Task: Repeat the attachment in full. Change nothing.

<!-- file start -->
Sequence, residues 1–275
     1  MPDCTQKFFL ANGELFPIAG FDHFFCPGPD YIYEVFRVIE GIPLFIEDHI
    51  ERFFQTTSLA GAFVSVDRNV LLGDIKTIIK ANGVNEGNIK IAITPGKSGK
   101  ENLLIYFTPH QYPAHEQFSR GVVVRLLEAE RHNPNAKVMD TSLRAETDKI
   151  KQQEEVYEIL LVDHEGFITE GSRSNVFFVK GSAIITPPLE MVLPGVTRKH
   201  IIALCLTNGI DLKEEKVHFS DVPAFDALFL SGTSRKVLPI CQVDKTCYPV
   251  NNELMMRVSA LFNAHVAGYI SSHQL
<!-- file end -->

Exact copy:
Sequence, residues 1–275
     1  MPDCTQKFFL ANGELFPIAG FDHFFCPGPD YIYEVFRVIE GIPLFIEDHI
    51  ERFFQTTSLA GAFVSVDRNV LLGDIKTIIK ANGVNEGNIK IAITPGKSGK
   101  ENLLIYFTPH QYPAHEQFSR GVVVRLLEAE RHNPNAKVMD TSLRAETDKI
   151  KQQEEVYEIL LVDHEGFITE GSRSNVFFVK GSAIITPPLE MVLPGVTRKH
   201  IIALCLTNGI DLKEEKVHFS DVPAFDALFL SGTSRKVLPI CQVDKTCYPV
   251  NNELMMRVSA LFNAHVAGYI SSHQL